As I'm rather familiar with its installation process, I installed PCLinuxOS first. I was not very sure because I have some problems with effects on my desktop (nothing that prevents me from sleeping, actually), but PCLinuxOS went out like an energetic Texas longhorn and installed everything without a flinch. I tried the Kwin effects and everything was perfect! Of course, I was lacking the Office suite but the process to get it is simple enough for a Linux non-technical user like me: you fire up Synaptic, search "lomanager", select it for upgrade, close Synaptic and click on the Libre Office installer icon on the desktop. The only drawback, if any at all, is that this is a 32 bit OS... Again, nothing that matters much to me.

2. Linux Mint 11 "Katya"
I installed the 64 bit version of Linux Mint. I have always liked the elegance of this OS and the way it handles the installation process. I noticed something new: Mint said that it had detected PCLinuxOS and prompted me for an action. I selected "install next to it" for a dual boot. However, after the process was complete, PCLinuxOS was unbootable... In Linux-Linux dual boots that happens quite often, but my real problem was that I do not know how to repair it from the grub mechanism in Mint (Megatotoro taught me the ropes for GRUB legacy, but I simply do not know how to repair this thing). The only option was to start over...

Installation again and a surprise contestant

I put PCLinuxOS back, but not Mint. I will eventually, once that I know how to handle the dual boot without messing with the other OS.

When everything was back in place, I considered if I wanted to give Mandriva Desktop 2011 a chance. I mean, I am not crazy about the ROSA rocket bar and SimpleWelcome, but reports are that it is buggy and Mandriva 2010.2 couldn't activate the Wi-fi, so why would this Mandriva version be any different?

What the heck! I inserted the Mandriva Desktop 2011 DVD and....Surprise, I had sound! I checked the Wi-fi and...Surprise again, it picked up my network signal! It had some issues with the effects and I knew it had problems with Flash, but I installed next to PCLinuxOS just for the sake of testing.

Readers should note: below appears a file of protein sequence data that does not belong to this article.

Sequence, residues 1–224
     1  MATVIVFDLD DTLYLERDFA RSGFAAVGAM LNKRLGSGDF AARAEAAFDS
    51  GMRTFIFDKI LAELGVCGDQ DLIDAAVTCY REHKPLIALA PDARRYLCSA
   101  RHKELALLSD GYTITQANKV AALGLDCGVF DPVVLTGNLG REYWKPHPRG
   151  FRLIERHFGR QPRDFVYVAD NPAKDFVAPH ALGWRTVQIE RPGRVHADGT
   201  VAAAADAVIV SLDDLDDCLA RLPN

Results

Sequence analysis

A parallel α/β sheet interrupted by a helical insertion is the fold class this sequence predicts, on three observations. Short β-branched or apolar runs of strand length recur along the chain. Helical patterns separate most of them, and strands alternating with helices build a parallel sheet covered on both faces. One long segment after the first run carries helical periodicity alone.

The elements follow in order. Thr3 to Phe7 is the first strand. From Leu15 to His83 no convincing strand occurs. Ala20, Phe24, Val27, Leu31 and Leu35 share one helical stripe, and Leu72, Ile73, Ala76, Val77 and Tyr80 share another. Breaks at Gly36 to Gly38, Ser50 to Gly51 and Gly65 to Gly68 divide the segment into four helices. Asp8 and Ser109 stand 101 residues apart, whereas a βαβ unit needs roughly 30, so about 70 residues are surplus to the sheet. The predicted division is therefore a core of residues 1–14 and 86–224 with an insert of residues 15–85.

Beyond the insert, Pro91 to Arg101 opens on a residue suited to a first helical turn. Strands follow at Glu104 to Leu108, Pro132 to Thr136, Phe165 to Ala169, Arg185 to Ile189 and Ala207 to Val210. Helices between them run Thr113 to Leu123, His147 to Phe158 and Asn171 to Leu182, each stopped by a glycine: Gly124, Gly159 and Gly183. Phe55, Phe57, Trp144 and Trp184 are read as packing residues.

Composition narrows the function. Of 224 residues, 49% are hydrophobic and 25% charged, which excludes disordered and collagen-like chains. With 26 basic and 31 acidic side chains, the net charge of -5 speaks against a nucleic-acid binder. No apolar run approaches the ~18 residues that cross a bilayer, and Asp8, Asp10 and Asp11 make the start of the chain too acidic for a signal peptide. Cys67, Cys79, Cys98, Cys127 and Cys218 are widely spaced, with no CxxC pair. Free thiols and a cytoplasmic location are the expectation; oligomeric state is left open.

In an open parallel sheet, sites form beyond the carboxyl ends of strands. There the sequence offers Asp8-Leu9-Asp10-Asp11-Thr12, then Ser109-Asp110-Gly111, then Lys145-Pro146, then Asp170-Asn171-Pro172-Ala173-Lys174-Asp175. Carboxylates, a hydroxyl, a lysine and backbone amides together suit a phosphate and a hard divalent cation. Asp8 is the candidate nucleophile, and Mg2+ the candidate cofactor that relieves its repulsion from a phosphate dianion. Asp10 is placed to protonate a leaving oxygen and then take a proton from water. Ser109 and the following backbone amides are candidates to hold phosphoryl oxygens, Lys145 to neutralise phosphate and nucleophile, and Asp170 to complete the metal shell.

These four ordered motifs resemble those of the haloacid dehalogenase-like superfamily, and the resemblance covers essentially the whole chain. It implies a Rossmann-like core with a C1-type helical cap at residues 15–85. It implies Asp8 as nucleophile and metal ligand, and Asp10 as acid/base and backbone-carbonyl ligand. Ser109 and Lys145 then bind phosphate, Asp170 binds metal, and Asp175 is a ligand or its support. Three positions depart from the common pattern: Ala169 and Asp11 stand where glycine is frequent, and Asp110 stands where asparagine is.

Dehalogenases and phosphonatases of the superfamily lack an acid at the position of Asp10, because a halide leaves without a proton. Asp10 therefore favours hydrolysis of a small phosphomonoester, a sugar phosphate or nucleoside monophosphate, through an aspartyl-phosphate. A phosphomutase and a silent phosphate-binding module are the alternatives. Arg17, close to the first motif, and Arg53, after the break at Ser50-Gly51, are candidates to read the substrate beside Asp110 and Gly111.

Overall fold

Mandriva 2011 had some problems with the graphic card (no log out, some freezes), but the OS detected that it was due to the lack of a proprietary driver and, after installing it, all those problems disappeared. I installed the flash plug-in from the repositories and the distro is working flawlessly... Who would have thought? :-)

Another distro, another surprise

After downloading the Mageia 1 Live CD, I did not expect anything different from Mandriva 2010.2. However, Mageia Live booted without a glitch and sound was also enabled. I checked the Wi-fi and, yes, it was also picking up my signal.

Moral: Never take a Linux distro for granted. As it turns out, I have enough distros where to choose from to power up this new laptop :-)

I think that I'll keep PCLinuxOS as my main OS. I might also put Mageia in there as a production distro. I'll keep Mandriva 2011 to have a triple boot. Then I'll save a partition for testing.

jueves, 20 de octubre de 2011

Mandriva 2011 PowerPack is in the oven

With the advent of Mandriva 2011, Mandriva versions were reduced to only one. Previously, you could select among Free, ONE, and PowerPack. I was introduced to the world of Linux by the ONE version (back in 2009), but I paid for the PowerPack 2009 and 2010.